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Eighties Big Hair to the Beginning of The End (1980-1999) | Shannons End of An Era | Part 3

By Shannons - Published on 29 September 2019

The easing of the oil crisis, means the larger Ford Falcon proves to new car buyers that ‘size does matter’ up against Holden’s smaller Commodore. We hear directly from Holden’s Designers and Engineers as to why they adopted the smaller Opel based platform, to go up against Ford’s larger family sized XD Falcon.

This rivalry would continue the classic Ford versus Holden duel, lasting for more than the next three decades, both on the race track and on showroom floors. It would take Commodore some years before it returned Holden to a large scale family sedan, even adopting a Nissan six cylinder and turbo engine in the meantime.

The winds of change had well and truly started to blow, as Chrysler bowed out as a local manufacturer with the last CM Valiant, before Mitsubishi took over the Adelaide plant for their Sigma and the later medium sized family car, the Magna.

Not long after changing their own badges from Datsun, Nissan also decided to close local manufacturing and concentrate as a vehicle importer. The effects of the Button Plan, which intended to cut Government protection tariffs to local manufacturers in the face of a more competitive and open economy, had already started to have an impact as sales of imported vehicles continued to rise at the expense of local manufacturing.

A model-sharing plan that saw Commodores dressed as Toyota Lexcens and a Ford Falcon Ute wearing Nissan nomenclature was known as ‘badge engineering’ – what was going on!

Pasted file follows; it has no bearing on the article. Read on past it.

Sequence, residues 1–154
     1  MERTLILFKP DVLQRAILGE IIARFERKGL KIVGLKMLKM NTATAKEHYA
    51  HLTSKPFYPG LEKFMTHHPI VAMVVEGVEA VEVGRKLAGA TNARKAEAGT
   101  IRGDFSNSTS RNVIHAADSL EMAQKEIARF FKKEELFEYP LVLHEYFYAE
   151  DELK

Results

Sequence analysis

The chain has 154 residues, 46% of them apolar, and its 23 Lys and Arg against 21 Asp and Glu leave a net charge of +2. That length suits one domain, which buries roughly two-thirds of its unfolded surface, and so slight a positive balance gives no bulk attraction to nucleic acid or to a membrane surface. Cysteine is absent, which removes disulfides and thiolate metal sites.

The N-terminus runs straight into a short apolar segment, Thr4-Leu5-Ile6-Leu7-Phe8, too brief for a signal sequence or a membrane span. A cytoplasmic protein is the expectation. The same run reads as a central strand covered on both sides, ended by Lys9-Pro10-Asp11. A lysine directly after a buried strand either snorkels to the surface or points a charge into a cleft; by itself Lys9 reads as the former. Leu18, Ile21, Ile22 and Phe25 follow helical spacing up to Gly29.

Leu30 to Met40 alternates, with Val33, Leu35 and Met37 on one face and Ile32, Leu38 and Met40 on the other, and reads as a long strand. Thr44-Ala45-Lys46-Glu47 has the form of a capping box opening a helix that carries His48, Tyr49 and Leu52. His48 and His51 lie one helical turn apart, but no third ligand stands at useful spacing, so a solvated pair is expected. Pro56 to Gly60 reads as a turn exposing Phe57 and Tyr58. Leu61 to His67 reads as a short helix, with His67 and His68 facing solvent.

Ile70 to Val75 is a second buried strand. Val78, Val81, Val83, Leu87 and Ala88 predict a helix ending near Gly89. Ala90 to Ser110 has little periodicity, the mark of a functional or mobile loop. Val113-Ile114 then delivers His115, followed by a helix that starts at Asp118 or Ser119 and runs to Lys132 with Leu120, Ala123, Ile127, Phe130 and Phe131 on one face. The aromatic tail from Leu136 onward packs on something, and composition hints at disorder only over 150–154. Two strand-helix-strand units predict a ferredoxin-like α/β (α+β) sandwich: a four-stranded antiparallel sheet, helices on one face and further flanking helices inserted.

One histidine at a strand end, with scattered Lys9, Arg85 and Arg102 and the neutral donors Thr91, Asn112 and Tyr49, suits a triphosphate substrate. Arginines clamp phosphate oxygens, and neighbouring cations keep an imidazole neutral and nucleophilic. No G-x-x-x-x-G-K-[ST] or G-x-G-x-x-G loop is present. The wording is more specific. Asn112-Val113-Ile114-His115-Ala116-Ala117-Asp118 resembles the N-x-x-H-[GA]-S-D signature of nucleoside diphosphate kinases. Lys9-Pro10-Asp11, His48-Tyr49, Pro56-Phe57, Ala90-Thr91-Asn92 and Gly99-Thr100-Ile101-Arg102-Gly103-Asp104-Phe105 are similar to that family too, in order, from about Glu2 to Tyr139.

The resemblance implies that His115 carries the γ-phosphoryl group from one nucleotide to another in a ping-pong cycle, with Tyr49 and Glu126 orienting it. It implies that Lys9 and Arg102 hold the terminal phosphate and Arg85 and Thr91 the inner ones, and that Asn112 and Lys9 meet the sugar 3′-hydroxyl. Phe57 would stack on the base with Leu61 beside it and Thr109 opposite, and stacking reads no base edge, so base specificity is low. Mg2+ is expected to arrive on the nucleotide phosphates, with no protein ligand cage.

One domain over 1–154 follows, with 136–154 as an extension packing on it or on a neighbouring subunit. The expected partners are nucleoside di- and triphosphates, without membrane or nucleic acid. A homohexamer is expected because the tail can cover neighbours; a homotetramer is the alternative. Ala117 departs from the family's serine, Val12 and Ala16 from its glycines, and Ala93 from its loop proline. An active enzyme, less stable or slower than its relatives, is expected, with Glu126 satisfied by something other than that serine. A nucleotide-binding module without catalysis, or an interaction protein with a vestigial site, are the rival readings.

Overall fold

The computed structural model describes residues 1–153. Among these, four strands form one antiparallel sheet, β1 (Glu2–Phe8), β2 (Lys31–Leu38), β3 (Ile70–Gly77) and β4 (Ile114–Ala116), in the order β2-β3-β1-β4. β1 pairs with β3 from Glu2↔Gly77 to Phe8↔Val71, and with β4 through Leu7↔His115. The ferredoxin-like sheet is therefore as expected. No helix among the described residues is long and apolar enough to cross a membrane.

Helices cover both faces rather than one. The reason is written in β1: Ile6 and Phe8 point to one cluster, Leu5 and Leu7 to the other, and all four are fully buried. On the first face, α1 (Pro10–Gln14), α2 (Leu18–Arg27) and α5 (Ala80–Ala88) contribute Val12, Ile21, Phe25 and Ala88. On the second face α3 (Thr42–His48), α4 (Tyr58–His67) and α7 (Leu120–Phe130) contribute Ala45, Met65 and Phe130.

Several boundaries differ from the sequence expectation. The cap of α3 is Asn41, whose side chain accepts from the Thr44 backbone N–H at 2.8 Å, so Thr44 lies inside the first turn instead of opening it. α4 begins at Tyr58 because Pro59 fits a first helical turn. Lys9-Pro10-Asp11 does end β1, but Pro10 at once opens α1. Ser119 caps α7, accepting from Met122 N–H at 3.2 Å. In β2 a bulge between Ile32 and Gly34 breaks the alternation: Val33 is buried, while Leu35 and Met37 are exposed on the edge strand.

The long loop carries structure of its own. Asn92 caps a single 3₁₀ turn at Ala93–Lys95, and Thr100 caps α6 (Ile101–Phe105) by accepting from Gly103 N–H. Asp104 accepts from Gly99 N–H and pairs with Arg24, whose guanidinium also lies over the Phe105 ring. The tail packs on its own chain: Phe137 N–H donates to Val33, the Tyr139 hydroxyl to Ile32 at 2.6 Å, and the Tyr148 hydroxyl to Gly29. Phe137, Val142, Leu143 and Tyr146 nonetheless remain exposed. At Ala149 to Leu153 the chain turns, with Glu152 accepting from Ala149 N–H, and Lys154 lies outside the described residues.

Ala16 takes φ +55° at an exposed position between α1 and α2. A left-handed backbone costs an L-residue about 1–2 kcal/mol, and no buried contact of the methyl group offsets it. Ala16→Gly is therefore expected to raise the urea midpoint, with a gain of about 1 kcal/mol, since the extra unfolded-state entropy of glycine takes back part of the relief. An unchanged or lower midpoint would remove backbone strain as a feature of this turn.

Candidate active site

The small car success had seemingly everyone’s mum driving - either ‘Corolling-along’ or a Ford Laser.

Then the unthinkable – Holden and favourite son Peter Brock, part ways. Watch a defiant Peter Brock as he more than ruffles the mane of an agitated Lion, live on national TV. This would see the Bathurst champion lose his Holden Dealer Team and HDT performance car business, ultimately giving rise to Holden Special Vehicles and a dynasty of race-inspired performance road cars, and the Holden Racing Team. In years to come, HRT would dominate the new-era V8 Supercars series, unearthing a new wave of young drivers including Craig Lowndes.

Increasing sales of imports, including a wave of lower priced entry European brands started to offer prestige motoring with affordability like never before, plus a rise in the new look recreational type soft-roader, called the SUV was making an impact with family buyers. The Aussie station wagon has lost its shine as new SUV’s dominates a new category with the likes of the Honda CR-V, the Subaru AWD wagons and the prestige of BMW and Benz now offering family motoring.

In response, Holden is aggressive with multiple developments off the VT platform, including a return to the Holden Ute, which had been missing in action. Long wheel base luxury derivatives and performance HSV extensions, as well as AWD utes and wagons, plus a focus on exports to the US and Middle East, are all part of the plan to keep Holden in business.

Watch as a Sunday afternoon pencil sketch, secretly became the basis for the return of the Holden Monaro, capturing the hearts of Holden fans as the covers are removed. Making cars in Australia was becoming a fight for survival, before Toyota elected to focus on Camry exports and dropped the local manufacture of such an enduring nameplate as Corolla.          

Shannons End of Era. Celebrating Aussie Motoring History.